|Elon John Farnsworth|
|Born||July 30, 1837|
|Died||July 3, 1863(aged 25)|
|Place of birth||Green Oak, Michigan|
|Place of burial||Rockton Cemetery, Rockton, Illinois|
United States of America|
|Years of service||1861–63|
|Commands held||8th Illinois Cavalry Regiment|
Early life and career[edit | edit source]
Farnsworth was born in Green Oak, Michigan, nephew of John F. Farnsworth, a prominent politician in the Democratic Party who later became a Republican, also serving as a Civil War general. His family moved to Illinois in 1854. A member of the Chi Psi Fraternity, Farnsworth was expelled from the University of Michigan following a drinking party in which a classmate died after being thrown from a window. He joined the army as a civilian foragemaster and served on the staff of Albert Sidney Johnston during the Utah War of 1857–1858. He also worked as a buffalo hunter and scout in the Colorado Territory.
Civil War[edit | edit source]
At the outbreak of the Civil War, Farnsworth was appointed a first lieutenant in the 8th Illinois Cavalry, the regiment commanded by his uncle, serving with distinction throughout the early stages of the war. Being promoted to captain on December 25, 1861, he was made Assistant Chief Quartermaster of the IV Corps, and in early 1863, he served as aide-de-camp to Brig. Gen. Alfred Pleasonton through the Battle of Chancellorsville and early stages of the Gettysburg Campaign. On June 29, 1863, just two days before the Battle of Gettysburg, he was promoted to brigadier general of volunteers by Pleasonton, although this appointment was never confirmed by the United States Senate. He was given command of 1st Brigade, 3rd Division, Cavalry Corps, Army of the Potomac.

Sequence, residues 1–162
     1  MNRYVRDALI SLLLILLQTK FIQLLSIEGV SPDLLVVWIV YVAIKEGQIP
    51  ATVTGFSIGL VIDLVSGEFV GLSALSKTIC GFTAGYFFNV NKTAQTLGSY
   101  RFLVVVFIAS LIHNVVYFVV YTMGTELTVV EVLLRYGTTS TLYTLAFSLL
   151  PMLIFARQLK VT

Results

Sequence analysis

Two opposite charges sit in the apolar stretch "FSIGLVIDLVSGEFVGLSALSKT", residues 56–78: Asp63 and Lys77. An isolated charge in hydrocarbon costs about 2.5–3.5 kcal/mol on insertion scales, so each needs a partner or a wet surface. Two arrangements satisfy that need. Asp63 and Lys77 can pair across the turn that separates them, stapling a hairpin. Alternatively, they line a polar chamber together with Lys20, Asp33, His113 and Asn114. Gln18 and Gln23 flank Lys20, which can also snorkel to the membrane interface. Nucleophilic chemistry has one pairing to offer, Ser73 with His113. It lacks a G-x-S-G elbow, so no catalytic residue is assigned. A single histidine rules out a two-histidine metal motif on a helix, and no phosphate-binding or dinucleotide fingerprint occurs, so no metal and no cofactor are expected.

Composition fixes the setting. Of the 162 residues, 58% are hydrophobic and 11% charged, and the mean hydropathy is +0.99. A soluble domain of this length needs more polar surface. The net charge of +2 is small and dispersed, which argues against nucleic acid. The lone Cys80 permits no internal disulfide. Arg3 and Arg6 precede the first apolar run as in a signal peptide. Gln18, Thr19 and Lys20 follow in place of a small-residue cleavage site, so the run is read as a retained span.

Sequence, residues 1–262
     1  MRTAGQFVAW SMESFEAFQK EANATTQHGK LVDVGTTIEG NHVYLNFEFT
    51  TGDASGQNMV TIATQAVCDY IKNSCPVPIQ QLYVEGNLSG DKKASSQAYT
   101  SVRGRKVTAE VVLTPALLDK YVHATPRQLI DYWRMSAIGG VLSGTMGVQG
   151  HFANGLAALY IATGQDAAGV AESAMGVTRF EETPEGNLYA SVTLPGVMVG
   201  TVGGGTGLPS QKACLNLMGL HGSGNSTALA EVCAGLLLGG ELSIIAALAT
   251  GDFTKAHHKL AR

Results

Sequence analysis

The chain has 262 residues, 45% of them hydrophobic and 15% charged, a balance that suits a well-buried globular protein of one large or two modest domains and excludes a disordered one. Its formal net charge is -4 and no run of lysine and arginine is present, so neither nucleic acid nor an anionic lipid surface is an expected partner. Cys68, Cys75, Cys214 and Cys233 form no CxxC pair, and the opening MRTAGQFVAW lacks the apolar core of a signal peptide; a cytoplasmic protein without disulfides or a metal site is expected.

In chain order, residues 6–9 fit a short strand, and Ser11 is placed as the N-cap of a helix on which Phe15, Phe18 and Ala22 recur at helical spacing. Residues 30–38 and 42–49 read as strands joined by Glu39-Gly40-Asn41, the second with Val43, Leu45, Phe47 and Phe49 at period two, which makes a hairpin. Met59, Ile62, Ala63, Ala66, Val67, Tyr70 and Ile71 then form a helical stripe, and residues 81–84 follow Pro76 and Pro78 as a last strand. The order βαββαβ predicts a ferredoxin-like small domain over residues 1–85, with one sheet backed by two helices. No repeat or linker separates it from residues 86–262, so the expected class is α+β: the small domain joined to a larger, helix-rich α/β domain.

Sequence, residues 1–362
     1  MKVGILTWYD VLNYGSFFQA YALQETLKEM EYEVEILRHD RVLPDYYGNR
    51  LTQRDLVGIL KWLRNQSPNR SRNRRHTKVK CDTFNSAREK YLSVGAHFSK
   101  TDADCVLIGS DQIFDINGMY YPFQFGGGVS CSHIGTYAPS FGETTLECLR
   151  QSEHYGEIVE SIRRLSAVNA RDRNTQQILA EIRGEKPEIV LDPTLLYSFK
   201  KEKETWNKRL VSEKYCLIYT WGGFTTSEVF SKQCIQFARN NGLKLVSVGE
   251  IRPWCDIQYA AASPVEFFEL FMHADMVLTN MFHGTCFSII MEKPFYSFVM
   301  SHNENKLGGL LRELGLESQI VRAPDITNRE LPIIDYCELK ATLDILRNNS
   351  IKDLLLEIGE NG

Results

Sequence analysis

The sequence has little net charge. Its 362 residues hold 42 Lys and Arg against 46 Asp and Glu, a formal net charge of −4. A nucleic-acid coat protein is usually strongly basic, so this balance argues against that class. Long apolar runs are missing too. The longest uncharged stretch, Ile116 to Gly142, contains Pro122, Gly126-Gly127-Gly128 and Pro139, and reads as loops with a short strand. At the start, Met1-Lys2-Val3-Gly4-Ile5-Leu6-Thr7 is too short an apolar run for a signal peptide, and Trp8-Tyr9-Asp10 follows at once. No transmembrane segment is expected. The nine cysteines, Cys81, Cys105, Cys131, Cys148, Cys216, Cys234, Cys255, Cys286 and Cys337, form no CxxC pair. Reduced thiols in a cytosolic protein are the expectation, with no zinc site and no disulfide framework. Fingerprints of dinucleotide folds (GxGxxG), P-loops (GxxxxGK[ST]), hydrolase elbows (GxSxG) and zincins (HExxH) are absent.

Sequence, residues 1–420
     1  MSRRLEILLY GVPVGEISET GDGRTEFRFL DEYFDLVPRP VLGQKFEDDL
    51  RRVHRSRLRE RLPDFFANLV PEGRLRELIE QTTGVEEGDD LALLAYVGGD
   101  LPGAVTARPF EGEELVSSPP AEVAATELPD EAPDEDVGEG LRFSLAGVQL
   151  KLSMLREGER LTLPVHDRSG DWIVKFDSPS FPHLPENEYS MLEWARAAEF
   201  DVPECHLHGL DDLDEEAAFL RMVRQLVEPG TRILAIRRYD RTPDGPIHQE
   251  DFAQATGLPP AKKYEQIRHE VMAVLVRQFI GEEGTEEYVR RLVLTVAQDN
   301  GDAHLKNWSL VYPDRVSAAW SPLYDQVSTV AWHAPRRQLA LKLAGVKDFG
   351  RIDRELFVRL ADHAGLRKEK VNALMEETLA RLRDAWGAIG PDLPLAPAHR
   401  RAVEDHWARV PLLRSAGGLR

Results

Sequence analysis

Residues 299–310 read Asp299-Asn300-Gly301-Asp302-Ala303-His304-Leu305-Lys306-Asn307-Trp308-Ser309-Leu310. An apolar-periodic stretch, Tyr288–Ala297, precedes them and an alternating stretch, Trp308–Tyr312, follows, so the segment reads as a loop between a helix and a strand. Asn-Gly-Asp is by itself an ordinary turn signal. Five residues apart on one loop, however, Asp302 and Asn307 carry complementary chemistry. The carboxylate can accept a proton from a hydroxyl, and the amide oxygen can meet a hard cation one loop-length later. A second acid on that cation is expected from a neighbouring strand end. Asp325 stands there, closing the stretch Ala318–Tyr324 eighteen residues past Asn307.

Death at Gettysburg[edit | edit source]
After the collapse of Pickett's Charge and the defeat of Maj. Gen. J.E.B. Stuart's Confederate cavalry on July 3, the third day of the Battle of Gettysburg, Brig. Gen. Hugh Judson Kilpatrick, commanding the 3rd Division, ordered Farnsworth to make a charge with his brigade against Confederate positions south of the Devil's Den area of the battlefield, below Little Round Top. Farnsworth initially balked, arguing there was no hope of success, and only agreed to it when Kilpatrick allegedly accused him of cowardice. Farnsworth made the charge, against elements of John B. Hood's division, under Evander M. Law (Hood having been wounded the previous day). Farnsworth rode with the second battalion of the 1st Vermont Cavalry, alongside Maj. William Wells.
The charge was repulsed with heavy losses, and Farnsworth himself was shot five times in the chest. An account by Confederate Colonel William C. Oates claimed that Farnsworth was surrounded by Confederate soldiers and committed suicide to avoid capture, but this has been disputed by other witnesses and discounted by most historians. Kilpatrick received much criticism for ordering the charge, but no official action was taken against him.
Farnsworth is buried in Rockton Cemetery, Rockton, Illinois.
Memorials[edit | edit source]
Battery Farnsworth, a coastal defense built between 1897 and 1899 near Fort Constitution at New Castle, New Hampshire, was named in his honor.
See also[edit | edit source]
Notes[edit | edit source]
- Petruzzi, J. David, "Elon J. Farnsworth", Faded Hoofbeats blog, June 13, 2007.
- Wert, p. 278: "Subsequent accounts by Confederates alleging that he had committed suicide are bogus."
References[edit | edit source]
- Boatner, Mark Mayo, III. The Civil War Dictionary. New York: McKay, 1988. ISBN 0-8129-1726-X. First published 1959 by McKay.
- Eicher, John H., and David J. Eicher. Civil War High Commands. Stanford, CA: Stanford University Press, 2001. ISBN 0-8047-3641-3.
- Symonds, Craig L. American Heritage History of the Battle of Gettysburg. New York: HarperCollins, 2001. ISBN 0-06-019474-X.
- Wert, Jeffry D. Gettysburg: Day Three. New York: Simon & Schuster, 2001. ISBN 0-684-85914-9.
[edit | edit source]
- "Elon J. Farnsworth". Find a Grave. http://www.findagrave.com/memorial/5842062. Retrieved August 15, 2010.
- "Farnsworth, John Franklin" Appletons' Cyclopædia of American Biography 1900
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